Like Me? Follow Me.
Friends Reunited (FR) was one of the first ‘social networks’ in the UK, long before the term had even been coined, and allowed web users to re-connect with people from their past as well as spark up new friendships, as far back as 2000 (Imagine what life must have been like then - Ed).
By the end of their first year FR had attracted over 3,000 members - not bad for an early pioneer. Like all social sites, FR relied on a network effect and quickly went viral, attracting 2.5 million members by 2001. However, like all online phenomenons, the fuel burnt too fast and it wasn’t long before the site was struggling to keep up, stifled by its own success.
Once you’d registered, seen what your friends were up to, connected with the people you’d lost contact with and had a laugh at how hilarious or tragic your childhood lives were, there was actually very little reason to stick around.
Another problem FR had was its business model. With so many users, FR capitalised by charging a membership fee. This made it less of a community and more of a commercial relationship, and of course, once the value ran out, people began to leave.
Today’s social networks do a much better job at keeping their members engaged. This is why Facebook could so easily and quickly expand from a way of getting to know people at university, to connecting with old friends and making new ones. What's more, they did it all for free.
Lack of appeal
I never used FR. Even during its public buyout by ITV for £175 million in 2005, I had little interest in using the site to connect with friends and, since the launch of Facebook (which posted its billionth member this year) it has been pretty much irrelevant to me.
The appeal of FR was reuniting long-lost friends from school days, and so it attracted a much older audience to its newer, more dynamic social counterparts. The original design of the website was comically amateurish, however it had a lo-fi aesthetic that did make it feel genuine; it also had a perceived value and that allowed users to overlook the design faults. At the time there were no credible alternatives or competition, so it’s no surprise people were happy to make do, however the site failed to change and adapted with the times.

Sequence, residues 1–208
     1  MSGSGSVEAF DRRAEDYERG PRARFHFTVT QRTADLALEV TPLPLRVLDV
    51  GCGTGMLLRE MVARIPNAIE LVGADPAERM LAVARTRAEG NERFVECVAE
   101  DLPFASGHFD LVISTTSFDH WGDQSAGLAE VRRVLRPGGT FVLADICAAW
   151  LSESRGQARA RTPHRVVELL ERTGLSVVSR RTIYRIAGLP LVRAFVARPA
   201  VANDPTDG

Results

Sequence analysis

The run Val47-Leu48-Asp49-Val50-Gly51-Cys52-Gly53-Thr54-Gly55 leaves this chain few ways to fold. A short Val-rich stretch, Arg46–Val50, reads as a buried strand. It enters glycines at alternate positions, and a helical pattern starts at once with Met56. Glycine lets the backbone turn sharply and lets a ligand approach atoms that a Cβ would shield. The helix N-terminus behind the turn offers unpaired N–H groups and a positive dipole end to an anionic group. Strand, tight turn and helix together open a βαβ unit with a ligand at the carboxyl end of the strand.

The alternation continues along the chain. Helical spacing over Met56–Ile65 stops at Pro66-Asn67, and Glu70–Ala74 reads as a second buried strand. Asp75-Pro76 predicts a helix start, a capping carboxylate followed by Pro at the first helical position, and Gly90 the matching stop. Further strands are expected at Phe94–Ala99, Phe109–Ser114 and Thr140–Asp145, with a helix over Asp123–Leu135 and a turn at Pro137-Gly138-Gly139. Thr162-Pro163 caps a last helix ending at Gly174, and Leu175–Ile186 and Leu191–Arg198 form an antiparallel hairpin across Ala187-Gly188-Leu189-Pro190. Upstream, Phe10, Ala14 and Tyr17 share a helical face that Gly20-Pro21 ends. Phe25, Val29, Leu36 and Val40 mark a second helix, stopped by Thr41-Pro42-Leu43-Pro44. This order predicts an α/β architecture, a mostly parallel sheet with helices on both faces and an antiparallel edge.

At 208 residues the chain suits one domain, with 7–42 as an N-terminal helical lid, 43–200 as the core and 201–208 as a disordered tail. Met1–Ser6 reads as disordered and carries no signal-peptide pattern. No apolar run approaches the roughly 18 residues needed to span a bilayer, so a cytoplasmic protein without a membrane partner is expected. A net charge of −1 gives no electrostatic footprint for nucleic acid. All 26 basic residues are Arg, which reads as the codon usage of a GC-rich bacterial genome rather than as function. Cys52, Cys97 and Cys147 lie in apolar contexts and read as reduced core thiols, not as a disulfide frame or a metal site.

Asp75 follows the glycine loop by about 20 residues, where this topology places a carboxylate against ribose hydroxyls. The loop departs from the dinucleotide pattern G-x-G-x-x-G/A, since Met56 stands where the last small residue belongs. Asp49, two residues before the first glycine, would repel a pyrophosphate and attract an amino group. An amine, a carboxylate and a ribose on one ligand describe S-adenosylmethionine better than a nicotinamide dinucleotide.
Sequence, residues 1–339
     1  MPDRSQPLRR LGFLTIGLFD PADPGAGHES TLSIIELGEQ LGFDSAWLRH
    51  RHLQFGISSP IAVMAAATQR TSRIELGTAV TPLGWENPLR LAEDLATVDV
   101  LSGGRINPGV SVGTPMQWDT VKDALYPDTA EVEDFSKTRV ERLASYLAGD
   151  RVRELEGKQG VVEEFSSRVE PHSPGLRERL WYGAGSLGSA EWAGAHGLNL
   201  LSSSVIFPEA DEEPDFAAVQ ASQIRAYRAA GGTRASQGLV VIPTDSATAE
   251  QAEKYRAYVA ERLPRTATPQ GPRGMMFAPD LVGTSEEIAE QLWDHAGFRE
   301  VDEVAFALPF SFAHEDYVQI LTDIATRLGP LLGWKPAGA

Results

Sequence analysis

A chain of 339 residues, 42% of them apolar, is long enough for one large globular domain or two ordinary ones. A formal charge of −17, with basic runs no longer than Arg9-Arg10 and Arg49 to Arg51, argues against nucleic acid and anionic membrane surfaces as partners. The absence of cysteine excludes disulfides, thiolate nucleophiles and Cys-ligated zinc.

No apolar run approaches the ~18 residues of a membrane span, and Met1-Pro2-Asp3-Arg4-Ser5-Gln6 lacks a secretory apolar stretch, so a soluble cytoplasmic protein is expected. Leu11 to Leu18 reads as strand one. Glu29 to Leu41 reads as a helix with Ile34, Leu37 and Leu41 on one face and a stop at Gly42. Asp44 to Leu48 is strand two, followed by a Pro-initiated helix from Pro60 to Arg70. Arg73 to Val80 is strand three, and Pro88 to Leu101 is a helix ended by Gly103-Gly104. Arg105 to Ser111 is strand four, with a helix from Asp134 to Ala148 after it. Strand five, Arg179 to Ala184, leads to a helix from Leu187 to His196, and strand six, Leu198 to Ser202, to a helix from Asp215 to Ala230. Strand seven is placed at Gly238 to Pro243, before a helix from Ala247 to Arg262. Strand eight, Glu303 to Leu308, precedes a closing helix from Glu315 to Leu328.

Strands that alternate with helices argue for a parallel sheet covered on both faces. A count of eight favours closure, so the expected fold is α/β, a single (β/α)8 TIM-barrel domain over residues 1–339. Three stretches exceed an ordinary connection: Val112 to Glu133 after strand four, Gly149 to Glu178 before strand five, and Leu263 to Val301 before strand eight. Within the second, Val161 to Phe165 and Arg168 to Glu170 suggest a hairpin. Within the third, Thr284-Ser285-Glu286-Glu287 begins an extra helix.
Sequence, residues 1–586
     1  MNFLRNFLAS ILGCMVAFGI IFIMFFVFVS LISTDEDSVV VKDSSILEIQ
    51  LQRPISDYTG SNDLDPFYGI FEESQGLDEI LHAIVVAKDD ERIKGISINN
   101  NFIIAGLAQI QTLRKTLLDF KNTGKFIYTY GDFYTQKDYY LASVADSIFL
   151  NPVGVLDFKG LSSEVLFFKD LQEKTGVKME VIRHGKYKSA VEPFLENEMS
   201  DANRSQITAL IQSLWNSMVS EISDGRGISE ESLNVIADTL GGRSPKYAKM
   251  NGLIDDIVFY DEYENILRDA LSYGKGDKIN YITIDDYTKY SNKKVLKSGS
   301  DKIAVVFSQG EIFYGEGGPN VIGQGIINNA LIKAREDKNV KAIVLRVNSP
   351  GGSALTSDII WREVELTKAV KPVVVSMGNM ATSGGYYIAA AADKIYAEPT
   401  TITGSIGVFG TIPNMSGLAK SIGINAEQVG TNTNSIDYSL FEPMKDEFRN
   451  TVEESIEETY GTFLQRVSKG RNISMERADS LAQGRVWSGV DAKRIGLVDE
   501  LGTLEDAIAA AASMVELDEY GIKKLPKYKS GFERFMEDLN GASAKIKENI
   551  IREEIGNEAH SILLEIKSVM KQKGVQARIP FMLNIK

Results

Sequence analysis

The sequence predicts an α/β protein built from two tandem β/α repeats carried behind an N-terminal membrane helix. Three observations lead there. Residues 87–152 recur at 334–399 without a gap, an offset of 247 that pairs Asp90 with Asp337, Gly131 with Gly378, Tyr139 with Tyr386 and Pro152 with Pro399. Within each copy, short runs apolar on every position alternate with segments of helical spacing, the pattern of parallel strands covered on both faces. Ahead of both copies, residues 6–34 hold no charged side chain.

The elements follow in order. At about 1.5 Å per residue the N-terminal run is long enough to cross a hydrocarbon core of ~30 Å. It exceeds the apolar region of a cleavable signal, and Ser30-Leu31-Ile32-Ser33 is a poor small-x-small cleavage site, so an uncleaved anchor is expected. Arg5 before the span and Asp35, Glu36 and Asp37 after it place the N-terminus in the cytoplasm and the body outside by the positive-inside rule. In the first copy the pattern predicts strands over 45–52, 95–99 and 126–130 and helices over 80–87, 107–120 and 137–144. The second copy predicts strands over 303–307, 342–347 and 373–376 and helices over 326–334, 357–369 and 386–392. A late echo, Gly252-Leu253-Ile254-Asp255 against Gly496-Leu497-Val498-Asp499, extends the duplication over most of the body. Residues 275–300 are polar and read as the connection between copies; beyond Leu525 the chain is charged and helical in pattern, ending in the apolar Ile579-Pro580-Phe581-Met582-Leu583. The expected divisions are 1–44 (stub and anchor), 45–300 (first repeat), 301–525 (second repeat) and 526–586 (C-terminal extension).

Redesign to the rescue?
Earlier this year the site relaunched in an attempt to re-establish itself and potentially crack the middle-aged market. In my opinion when ITV offloaded FR to Brightsolid for a mere £25m in 2009, it was time to put the site out of its misery.
However the re-launch undoubtedly offers a new sense of purpose, with a focus on providing users with a place to collect and keep their memories. For me this is the right decision and offers at least something slightly different for older users who wish to avoid the likes of Facebook and Twitter.
Users will have access to more than ten million images to collect and share, an archive provided by the Press Association. Images of landmark events, such as women voting for the first time, or the 1966 World Cup win, which can be stored alongside personal pictures in a ‘keepsafe’ box (Great... - Ed).
My final thought is that although the rebrand was essential to ensure the longevtiy of the site, with the popularity of smaller platforms such as Pinterest and Tumblr, I just can’t see FR getting a look in.
Hopefully it’ll prove me wrong, after all if it manages to get the interface, financial model and publicity right, it could crack the middle-aged market wide open and not only attract older, first-time sharers but also those who are increasingly confused by Facebook’s privacy terms.